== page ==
Our ingenuity has become a plague.  Our fingerprints are everywhere. We have enjoyed the rights we gave ourselves to plastic convenience, hygiene and medical advance. We cannot retract the responsibility that comes with it. One of Theresa May’s first acts as Prime Minister was to move responsibility for climate change to a new Department for Business, Energy & Industrial Strategy. To link climate change to business and industrial growth is like treating plastic as disposable: it comes down to economics. Between climate change and plastic waste is ocean: the sink which is becoming more acidic from atmospheric carbon, and more acidic from the degrading carbon in plastic. Ocean is what links the air and land.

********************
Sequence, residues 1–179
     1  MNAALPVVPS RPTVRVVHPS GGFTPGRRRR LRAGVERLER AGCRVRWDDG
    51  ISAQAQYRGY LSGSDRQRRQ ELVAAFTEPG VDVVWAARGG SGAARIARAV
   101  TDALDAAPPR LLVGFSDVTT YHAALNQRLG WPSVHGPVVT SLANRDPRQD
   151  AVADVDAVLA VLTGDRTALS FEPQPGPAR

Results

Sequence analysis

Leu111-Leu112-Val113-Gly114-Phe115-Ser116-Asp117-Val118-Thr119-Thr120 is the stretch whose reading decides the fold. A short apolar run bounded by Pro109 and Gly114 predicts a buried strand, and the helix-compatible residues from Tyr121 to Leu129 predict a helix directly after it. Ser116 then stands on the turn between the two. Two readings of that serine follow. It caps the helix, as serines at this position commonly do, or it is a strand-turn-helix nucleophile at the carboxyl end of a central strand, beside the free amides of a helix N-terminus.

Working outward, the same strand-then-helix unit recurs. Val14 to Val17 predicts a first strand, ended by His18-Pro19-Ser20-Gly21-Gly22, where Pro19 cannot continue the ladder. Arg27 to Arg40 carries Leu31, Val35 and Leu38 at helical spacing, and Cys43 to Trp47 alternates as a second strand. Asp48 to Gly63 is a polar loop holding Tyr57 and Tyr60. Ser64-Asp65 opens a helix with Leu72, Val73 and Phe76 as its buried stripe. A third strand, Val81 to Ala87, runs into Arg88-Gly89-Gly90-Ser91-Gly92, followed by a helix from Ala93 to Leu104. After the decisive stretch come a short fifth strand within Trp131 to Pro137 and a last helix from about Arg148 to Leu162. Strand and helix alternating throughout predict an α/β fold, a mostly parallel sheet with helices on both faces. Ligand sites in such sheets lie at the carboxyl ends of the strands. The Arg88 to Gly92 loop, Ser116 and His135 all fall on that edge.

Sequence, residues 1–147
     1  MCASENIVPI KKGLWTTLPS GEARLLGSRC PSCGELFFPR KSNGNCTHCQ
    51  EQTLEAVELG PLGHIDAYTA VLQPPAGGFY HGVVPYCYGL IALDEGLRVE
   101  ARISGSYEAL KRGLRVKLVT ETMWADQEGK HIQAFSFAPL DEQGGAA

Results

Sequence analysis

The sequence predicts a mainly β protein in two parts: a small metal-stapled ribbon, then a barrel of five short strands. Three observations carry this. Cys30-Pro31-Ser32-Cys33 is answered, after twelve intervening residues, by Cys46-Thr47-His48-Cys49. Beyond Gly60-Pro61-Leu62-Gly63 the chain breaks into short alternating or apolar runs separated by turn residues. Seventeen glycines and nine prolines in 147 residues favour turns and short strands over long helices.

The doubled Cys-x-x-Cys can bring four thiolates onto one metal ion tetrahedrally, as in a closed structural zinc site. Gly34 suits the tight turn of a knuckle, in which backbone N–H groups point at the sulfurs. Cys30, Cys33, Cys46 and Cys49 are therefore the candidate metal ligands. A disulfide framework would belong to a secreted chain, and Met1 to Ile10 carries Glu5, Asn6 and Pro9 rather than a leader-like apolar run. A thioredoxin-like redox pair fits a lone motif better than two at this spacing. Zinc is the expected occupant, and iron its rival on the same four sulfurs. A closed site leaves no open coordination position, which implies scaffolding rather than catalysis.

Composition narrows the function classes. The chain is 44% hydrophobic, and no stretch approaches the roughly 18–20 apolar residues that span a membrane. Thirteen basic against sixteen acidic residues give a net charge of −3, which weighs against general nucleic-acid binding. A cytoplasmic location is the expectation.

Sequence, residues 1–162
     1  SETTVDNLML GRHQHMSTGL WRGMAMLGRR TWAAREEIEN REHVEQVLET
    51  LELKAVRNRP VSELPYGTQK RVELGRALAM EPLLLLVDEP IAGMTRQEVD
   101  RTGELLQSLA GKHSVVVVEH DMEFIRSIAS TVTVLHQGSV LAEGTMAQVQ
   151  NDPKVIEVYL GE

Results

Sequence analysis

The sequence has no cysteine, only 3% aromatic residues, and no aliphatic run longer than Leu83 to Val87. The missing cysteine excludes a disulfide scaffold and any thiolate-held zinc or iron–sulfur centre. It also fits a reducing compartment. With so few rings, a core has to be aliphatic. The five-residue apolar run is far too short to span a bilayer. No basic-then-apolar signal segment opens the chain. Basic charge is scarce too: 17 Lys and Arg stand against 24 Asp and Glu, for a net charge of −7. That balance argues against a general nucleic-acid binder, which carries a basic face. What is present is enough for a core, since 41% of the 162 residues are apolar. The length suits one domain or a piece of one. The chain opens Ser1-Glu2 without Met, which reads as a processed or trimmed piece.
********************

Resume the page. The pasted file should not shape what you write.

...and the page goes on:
What I find washed up democratises every human action: from personal hygiene to family celebrations to farm management. Against the backdrop of the ocean we are a single species that has the capacity to imagine, produce and affect change. Walking alongside this slice of ocean reminds me of my citizenship: my responsibility to my species, and others in the world. I collect the discarded, lost and forgotten elements of what makes us human with a conviction that is silent and solitary, voluntary and imperative. It is disgusting and fulfilling. It is precision surgery (every lump of Styrofoam I try to bag reminds me of how when tumours are cut from the body there's a chance of inadvertently releasing malignant cells into the blood). It connects me to wider currents of activity, to myself and to the remote. 


Keywords: environment, Sarah Hymas.



Add your comments

By posting your comment you agree to our guidelines.

The views expressed in the comments below are those of our users and do not necessarily reflect the views of the University of Liverpool.